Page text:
It may be that a dead hedge is just that, your once carefully manicured box hedge which has now been ravished by the box moth. However, in terms of managing your woodland, a dead hedge may have a different meaning. Here, a dead hedge may be a barrier to an area of new planting, it may be a way to ‘persuade’ people to keep to a footpath, or keep away from a pond / stream.
The dead hedge will be made from the bits and pieces that have be culled in clearing and thinning operations within the wood, material that foresters sometimes refer to as ‘lop and top’ and tree surgeons call ‘arisings. It can also include material cut from brambles and climbers such as ivy, honeysuckle and Old Man’s Beard (Clematis).
Using natural materials to create barriers (and indeed) a habitat in a woodland is a way of using ‘waste’ in an ecologically sound way. It saves having to remove trimmings from the site and offers opportunities to ‘top up’ the hedge if desired. Obviously diseased materials should not be used.
Creating a dead hedge from clippings and trimmings is a way of using natural materials, rather than plastic & other materials that do not readily decompose. A dead hedge will be an effective barrier for a period of time but it will break down sooner or later as bacteria and fungi break down the woody remains (lignin and cellulose). The disappearance of the hedge will take time as the branches twigs etc are largely off the ground, so relatively dry and decomposition is facilitated by warmth and wetness.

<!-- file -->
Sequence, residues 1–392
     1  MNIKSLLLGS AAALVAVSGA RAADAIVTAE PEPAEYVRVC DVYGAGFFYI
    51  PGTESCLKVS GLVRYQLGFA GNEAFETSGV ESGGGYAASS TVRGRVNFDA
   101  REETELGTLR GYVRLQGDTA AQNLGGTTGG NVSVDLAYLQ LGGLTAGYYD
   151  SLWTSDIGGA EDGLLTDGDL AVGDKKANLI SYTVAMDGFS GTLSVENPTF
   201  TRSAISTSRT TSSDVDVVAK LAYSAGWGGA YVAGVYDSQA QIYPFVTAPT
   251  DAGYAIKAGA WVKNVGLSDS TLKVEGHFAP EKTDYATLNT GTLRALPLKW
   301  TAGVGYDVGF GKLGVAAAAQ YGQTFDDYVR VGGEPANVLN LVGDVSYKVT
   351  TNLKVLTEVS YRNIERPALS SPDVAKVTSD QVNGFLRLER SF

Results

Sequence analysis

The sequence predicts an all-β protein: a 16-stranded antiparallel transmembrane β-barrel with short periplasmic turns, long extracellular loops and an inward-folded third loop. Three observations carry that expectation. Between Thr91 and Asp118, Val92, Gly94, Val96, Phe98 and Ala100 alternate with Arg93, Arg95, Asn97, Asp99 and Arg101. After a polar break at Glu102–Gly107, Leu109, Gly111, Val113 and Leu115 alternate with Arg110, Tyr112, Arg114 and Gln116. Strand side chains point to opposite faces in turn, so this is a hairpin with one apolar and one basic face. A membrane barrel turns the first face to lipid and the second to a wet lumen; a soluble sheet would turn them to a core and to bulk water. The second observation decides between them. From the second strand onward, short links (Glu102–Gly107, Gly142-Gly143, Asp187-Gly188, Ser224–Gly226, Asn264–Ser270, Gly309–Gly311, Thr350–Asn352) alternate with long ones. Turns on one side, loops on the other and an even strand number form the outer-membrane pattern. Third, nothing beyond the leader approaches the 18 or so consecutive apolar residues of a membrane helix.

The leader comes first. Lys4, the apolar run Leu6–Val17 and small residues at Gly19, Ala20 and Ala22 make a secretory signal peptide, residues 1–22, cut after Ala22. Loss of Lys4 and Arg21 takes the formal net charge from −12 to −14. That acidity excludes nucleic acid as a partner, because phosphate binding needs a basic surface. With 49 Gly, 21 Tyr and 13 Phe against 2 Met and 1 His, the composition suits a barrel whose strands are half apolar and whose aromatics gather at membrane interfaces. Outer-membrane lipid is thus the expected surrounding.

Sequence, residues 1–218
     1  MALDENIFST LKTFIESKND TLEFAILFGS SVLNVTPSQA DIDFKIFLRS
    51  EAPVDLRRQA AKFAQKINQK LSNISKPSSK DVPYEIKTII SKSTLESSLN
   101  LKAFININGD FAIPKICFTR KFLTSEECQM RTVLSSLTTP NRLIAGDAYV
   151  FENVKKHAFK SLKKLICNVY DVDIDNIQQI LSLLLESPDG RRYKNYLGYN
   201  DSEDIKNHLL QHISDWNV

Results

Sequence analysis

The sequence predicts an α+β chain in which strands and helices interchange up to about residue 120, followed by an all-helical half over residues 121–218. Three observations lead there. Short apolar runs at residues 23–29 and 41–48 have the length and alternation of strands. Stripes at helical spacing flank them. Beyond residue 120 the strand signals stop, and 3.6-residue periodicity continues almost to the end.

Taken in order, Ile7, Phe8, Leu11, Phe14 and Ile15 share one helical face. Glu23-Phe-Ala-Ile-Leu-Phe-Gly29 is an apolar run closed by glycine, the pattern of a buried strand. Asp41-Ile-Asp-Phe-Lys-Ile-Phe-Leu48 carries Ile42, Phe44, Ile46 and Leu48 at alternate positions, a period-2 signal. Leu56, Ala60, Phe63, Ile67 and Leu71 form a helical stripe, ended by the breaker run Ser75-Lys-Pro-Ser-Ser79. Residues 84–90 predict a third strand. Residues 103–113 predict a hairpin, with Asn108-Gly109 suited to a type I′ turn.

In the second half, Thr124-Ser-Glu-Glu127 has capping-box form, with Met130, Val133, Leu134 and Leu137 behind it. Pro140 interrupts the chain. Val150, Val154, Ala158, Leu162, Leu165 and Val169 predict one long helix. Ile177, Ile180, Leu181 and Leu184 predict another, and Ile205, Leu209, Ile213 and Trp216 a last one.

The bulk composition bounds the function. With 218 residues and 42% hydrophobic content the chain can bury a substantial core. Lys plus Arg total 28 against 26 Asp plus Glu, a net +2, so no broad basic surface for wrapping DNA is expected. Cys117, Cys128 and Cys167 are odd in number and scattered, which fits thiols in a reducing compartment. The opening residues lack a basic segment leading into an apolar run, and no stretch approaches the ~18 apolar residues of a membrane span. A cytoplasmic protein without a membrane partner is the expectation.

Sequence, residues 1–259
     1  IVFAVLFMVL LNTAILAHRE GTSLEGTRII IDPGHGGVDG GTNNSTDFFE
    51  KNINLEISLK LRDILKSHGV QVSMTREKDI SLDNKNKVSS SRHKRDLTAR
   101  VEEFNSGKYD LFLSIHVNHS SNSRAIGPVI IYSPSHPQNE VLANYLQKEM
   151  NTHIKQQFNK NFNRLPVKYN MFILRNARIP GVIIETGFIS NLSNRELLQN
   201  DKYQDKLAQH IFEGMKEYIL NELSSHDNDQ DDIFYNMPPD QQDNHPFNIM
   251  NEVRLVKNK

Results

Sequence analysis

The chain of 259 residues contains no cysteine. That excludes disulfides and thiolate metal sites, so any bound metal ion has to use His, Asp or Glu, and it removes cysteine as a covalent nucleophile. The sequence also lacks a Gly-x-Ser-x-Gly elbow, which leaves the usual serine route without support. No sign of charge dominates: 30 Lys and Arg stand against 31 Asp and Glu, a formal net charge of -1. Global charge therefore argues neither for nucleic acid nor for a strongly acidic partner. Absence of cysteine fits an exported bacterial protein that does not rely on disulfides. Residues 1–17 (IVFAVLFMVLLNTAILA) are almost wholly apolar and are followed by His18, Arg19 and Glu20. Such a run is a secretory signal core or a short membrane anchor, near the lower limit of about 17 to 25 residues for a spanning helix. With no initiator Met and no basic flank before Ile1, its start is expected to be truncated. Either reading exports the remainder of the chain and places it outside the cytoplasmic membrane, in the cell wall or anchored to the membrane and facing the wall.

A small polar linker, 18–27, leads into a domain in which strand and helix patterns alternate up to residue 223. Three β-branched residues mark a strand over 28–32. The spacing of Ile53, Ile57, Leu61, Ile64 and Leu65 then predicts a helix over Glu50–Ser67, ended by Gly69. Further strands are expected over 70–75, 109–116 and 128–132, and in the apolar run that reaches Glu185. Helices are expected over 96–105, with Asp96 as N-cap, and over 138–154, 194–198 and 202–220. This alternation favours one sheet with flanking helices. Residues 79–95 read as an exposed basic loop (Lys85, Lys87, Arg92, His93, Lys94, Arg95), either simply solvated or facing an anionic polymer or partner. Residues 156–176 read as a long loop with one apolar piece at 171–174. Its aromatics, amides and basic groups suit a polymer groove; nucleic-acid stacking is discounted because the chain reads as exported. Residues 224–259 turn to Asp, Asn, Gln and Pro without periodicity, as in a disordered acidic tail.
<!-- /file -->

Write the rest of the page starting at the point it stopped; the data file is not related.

After its initial ‘construction’, the hedge will become part of the woodland, it will be colonised by some plants and it will offer shelter, nesting sites for birds and small mammals, and a ‘home’ to many different invertebrates, such as woodlice, beetles, even certain species of bumblebees. As the hedge deteriorates, that is, decomposes, so the soil will gain in humus and fertility as the nutrients from the decaying wood etc are released through the detrital food chains.
Another way of using / recycling bits from pruning, clearing etc is by Hugelkultur. Hugel beds are basically raised beds with a difference - they are filled with rotting wood and other biomass. They are packed with organic material, nutrients and air pockets. Such beds can be an effective way of creating a productive area for growing fruits and vegetables in your woodland. There is a woodlands blog about hugelkultur here.
Large chunks of wood e.g. sawn up tree trunks can be stacked up in small piles and will over time make an excellent home for many invertebrates but especially xylophagous (wood eating) insects, for example, saproxylic beetles. These are beetles that live / eat in dead wood. In the UK, some 600+ beetle species (from 53 different) families are associated with deadwood. Some feed on the deadwood itself (often with the aid of symbiotic bacteria in their gut), others feed on the fungi that are gradually ‘dissolving’ the wood. Ants and wasps sometimes make their nests in dead wood.
Using wood to increase the organic content of the soil is good in terms of
- carbon sequestration,
- improving soil fertility,
- water conservation and